Kenyan Protests Against 2024 Finance Bill: A New Chapter in Citizen Resistance

Articles & Insights

June 18, 2023


Wanjiku Muchai

The streets of Nairobi and other major cities in Kenya are once again echoing with the voices of disgruntled citizens protesting against the controversial 2024 Finance Bill. While demonstrations are not new to the Kenyan landscape, the current wave of dissent stands out due to several key distinctions and its alignment with global trends of citizen resistance against government policies perceived as punitive. Unlike previous demonstrations often driven by specific groups or factions, this movement has united a broad coalition of professionals, students, workers, civil society organizations, and even religious leaders. This widespread opposition underscores the deep-seated concerns about the bill’s potential negative impact on the cost of living and economic well-being, with religious leaders adding a moral dimension to the protests.

Furthermore, digital activism has played a pivotal role in amplifying these protests. Social media platforms have become powerful tools for mobilizing support, disseminating information, and documenting police excesses. Trending hashtags like #ResistTheBill and #TaxpayersInPain have facilitated real-time updates and coordination among protesters, galvanizing local participation and attracting international attention to the grievances of the Kenyan people. While past protests typically revolved around political issues, economic concerns primarily fuel the current demonstrations. The proposed tax hikes on essential goods and services, such as fuel and food, have ignited widespread anger and frustration, especially among the most vulnerable populations already grappling with rising costs. This economic focus; reflecting a growing discontent with the government’s policies and their tangible impact on the lives of ordinary Kenyans.

Despite facing heavy-handed police responses in some cases, the majority of protesters remained committed to peaceful resistance. This approach garnered public sympathy and made it difficult for the government to dismiss the movement as disruptive. The use of creative tactics like silent marches, proposed sit-ins along parliament, and symbolic displays, further emphasizes the protesters’ commitment to non-violence while effectively conveying their message. Another unique aspect of these protests is their decentralized leadership and the use of leaked contact addresses from the Members of Parliament. Unlike previous demonstrations with identifiable leaders or figureheads, this movement has operated without a centralized authority, and has focused on the economic challenge – central to all Kenyans. This decentralized structure has made it harder for the government to suppress the protests and reflects a broader shift in Kenyan society towards grassroots activism and a rejection of traditional top-down political structures.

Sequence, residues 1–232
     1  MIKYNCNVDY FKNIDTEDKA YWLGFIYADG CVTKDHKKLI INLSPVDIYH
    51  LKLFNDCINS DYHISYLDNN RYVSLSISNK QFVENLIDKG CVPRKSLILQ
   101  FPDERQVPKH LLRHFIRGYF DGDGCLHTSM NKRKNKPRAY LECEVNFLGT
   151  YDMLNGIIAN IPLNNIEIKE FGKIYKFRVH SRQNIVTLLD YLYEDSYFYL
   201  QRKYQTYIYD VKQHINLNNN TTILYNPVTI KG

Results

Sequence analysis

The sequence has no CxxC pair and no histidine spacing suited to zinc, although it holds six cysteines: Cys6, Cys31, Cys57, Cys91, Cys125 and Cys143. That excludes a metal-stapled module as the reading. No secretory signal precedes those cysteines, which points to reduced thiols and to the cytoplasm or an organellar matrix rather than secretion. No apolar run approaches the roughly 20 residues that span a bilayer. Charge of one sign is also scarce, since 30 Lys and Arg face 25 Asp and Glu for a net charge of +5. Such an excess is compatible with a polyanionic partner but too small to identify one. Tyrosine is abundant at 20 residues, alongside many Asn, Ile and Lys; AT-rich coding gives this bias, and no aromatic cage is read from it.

The Kenyan protests against the 2024 Finance Bill are not a solitary event, but rather a part of a larger wave of citizen-led movements sweeping across Africa. These movements challenge government policies perceived as detrimental to the well-being of the people, signaling a significant shift in the continent’s political landscape. Citizens are increasingly asserting their agency, demanding accountability from their leaders, and refusing to remain silent in the face of injustice. In Nigeria, the youth-led #EndSARS movement rose against police brutality and systemic corruption, successfully disbanding the notorious Special Anti-Robbery Squad and bringing international attention to the issues of police violence and governance.

Similarly, Sudan’s revolution saw sustained civil disobedience leading to the ousting of long-time President Omar al-Bashir, driven by grievances over economic hardships and political repression. In Senegal. the anti-government protests, sparked by the arrest of opposition leader Ousmane Sonko, highlighted growing frustration with economic mismanagement and perceived authoritarianism. Similarly, in South Africa, service delivery protests persist, fueled by grievances over inadequate access to basic services like water, electricity, and housing.

Globally, such protests are part of a growing global trend of citizen-led movements challenging government policies perceived as detrimental to their well-being. From the Yellow Vest movement in France to the anti-austerity protests in Greece and the recent demonstrations in Chile, citizens around the world are increasingly taking to the streets to demand economic justice and accountability from their leaders. The examples, spanning diverse countries and contexts, collectively underscore a mounting discontent with government policies that exacerbate economic inequalities, stifle dissent, and fail to address the fundamental needs of the population.